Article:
Scots band’s only single is £1k hit 35 years on

Kenny Hanlon, centre, in 1979 with Rough Edge, the band he was with before Glory Hunters. Picture: Hemedia
Kenny Hanlon, centre, in 1979 with Rough Edge, the band he was with before Glory Hunters. Picture: Hemedia
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THE only single recorded by an obscure Scottish rock band 35 years ago has become one of the most sought-after records in the world - with copies changing hands at over £1,000.

Rock group Glory Hunter did not live up to their name in their brief lifetime, when their biggest claim to fame was coming second to an ELO tribute band at a talent contest in Perth.

Kenny Hanlon, 59, from Livingston, with his record. Picture: Hemedia

Kenny Hanlon, 59, from Livingston, with his record. Picture: Hemedia

The four members pooled their resources to record their debut single Thoughts of Destiny in 1979 but split just weeks later amid “personality problems” and that most classic excuse for band break-ups, “musical differences”.

But the little-known outfit from Livingston, West Lothian, has finally achieved rock immortality, as their single has become a ‘holy grail’ target for vinyl collectors.

Only 1,000 copies were pressed, and examples rarely come up for sale. One sold for £1,090 on eBay in 2011 and another has just been listed at collectors’ site 991.com for £895.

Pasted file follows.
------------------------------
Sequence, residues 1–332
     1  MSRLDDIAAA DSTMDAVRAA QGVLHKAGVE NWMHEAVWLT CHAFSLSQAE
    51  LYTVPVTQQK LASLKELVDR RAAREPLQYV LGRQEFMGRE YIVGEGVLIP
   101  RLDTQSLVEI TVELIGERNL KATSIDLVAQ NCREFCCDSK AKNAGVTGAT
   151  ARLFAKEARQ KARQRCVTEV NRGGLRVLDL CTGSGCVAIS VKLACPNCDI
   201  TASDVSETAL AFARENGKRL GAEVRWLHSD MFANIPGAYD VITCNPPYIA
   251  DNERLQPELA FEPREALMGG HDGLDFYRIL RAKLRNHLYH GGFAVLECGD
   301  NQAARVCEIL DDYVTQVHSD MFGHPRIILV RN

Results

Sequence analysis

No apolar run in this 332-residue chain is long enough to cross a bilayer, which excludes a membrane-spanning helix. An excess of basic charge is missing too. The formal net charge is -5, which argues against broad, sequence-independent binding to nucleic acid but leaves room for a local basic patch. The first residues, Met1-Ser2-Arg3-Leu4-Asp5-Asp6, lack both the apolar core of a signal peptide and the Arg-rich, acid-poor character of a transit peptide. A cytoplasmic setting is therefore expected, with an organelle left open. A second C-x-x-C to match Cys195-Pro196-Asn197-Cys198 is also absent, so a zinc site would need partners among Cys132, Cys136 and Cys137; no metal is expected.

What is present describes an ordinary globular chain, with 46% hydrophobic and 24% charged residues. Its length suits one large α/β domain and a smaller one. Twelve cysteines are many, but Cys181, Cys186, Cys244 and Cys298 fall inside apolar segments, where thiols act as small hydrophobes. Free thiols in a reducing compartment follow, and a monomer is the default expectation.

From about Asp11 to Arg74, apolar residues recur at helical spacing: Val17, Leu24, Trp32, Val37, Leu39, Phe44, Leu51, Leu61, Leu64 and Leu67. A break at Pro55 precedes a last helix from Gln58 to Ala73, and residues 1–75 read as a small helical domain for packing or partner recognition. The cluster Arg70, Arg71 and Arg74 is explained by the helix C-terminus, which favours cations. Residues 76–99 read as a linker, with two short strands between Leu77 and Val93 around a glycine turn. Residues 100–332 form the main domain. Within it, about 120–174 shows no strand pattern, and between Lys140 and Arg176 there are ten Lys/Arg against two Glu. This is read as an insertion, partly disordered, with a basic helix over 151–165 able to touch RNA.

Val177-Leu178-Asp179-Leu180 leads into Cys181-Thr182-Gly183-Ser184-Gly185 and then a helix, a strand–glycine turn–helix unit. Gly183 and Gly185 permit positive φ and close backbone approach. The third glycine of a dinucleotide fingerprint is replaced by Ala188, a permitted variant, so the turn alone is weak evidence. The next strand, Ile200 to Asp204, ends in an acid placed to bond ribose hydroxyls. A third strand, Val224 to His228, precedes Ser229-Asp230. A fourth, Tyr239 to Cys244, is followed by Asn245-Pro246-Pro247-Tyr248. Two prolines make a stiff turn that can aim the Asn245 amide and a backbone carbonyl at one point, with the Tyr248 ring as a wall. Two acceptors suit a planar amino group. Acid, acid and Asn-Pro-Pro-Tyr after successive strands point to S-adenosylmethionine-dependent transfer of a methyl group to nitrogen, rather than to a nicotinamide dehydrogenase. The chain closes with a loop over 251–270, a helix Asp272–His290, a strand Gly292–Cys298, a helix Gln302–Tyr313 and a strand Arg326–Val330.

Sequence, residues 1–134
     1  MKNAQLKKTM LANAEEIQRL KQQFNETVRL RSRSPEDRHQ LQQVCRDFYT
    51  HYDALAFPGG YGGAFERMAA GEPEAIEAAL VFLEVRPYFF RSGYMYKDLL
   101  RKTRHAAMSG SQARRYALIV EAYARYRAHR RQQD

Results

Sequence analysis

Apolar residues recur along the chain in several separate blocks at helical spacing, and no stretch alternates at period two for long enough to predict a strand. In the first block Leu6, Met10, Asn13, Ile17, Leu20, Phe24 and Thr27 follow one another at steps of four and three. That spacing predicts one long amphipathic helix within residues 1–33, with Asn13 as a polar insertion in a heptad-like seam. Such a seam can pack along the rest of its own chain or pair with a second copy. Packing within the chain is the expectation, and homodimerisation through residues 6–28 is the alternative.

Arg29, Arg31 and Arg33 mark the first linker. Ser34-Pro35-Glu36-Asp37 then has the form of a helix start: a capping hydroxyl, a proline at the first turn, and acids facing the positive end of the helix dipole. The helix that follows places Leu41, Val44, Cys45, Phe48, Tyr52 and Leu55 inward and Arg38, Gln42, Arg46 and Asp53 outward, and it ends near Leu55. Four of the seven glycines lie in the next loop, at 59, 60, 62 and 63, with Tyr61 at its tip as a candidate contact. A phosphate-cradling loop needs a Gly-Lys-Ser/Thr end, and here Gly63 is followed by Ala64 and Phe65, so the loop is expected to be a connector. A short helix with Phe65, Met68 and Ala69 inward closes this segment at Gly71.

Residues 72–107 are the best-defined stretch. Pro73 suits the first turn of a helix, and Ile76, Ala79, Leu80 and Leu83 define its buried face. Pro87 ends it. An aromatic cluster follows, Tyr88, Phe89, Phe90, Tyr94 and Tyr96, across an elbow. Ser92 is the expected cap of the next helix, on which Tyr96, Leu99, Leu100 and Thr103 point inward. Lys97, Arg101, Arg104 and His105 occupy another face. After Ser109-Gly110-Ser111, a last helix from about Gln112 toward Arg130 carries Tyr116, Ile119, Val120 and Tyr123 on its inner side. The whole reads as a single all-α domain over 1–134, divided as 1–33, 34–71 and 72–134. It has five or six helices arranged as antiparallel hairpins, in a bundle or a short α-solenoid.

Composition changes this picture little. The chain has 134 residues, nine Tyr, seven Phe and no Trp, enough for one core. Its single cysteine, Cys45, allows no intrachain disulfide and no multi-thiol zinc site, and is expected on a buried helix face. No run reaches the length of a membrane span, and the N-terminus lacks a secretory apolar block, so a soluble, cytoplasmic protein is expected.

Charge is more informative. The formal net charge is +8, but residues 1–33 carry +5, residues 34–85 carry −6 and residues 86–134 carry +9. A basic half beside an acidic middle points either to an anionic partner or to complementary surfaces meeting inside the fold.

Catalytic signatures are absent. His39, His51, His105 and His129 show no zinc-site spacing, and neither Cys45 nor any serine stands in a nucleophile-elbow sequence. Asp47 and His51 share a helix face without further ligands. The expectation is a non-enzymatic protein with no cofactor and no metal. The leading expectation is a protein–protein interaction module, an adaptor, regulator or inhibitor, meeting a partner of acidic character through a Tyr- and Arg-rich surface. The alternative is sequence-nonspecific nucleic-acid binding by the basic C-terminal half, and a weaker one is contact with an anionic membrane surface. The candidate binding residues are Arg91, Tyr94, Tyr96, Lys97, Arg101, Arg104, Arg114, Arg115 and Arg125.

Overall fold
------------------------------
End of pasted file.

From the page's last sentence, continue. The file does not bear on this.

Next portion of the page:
It is currently listed as the most valuable single on their books, ahead of classics by the Beatles, the Rolling Stones, Jimi Hendrix and Bruce Springsteen, and described as “rarer than hen’s teeth” by one expert.

Grandfather and father-of-five Kenny, 59, the original lead singer, said: “I suppose I should be chuffed, but to be honest I’m more mystified.

“I’ve absolutely no idea why a single by an unknown band from Scotland that fell apart a few weeks after recording their only single should be so valuable.

“When I first saw the record had sold for over £1,000 on eBay I thought it was a wind-up. I couldn’t take it in.

“We had 1,000 copies pressed and we paid for the whole thing ourselves. We didn’t have a record deal or anything.

“We sold a few copies at gigs but the band split up before we had a chance to get a distribution deal.”

Kenny was about 24 when he joined the band in early 1979, which comprised Derek Hawthorne on guitar, Tam Mollins on bass and Stuart Tennant on drums.

They played a handful of concerts and took part in a Scottish Rock Band of the Year competition in Perth, where they came second.

Kenny said: “We were quite organised and we decided to finance the single ourselves. We paid for the studio time, the pressing, everything.

“But there were already tensions within the band when I joined and a few weeks after the single came out the bass player and the drummer left.

“Let’s just say there were a few musical differences and personality problems going on.”

Jon Ashby of 991.com said: “There is very little information for this release. It was an extremely limited press and sold by the band only at their gigs and comes in a plain company sleeve as there were no picture sleeves produced.

“Very few rock fans have even heard of Glory Hunter. They were categorised in a movement which became known as the New Wave of British Heavy Metal, which was spearheaded by Iron Maiden.

“It’s unusual for such a little-known band to become so collectible. Copies of this single are rarer than hen’s teeth.”